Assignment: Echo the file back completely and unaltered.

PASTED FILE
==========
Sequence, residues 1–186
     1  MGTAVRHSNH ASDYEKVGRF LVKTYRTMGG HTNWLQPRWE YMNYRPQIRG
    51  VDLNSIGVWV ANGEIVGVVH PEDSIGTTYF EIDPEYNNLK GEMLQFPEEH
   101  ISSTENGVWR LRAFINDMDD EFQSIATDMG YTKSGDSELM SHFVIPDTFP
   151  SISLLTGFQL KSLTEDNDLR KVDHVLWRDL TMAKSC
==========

Sequence, residues 1–186
     1  MGTAVRHSNH ASDYEKVGRF LVKTYRTMGG HTNWLQPRWE YMNYRPQIRG
    51  VDLNSIGVWV ANGEIVGVVH PEDSIGTTYF EIDPEYNNLK GEMLQFPEEH
   101  ISSTENGVWR LRAFINDMDD EFQSIATDMG YTKSGDSELM SHFVIPDTFP
   151  SISLLTGFQL KSLTEDNDLR KVDHVLWRDL TMAKSC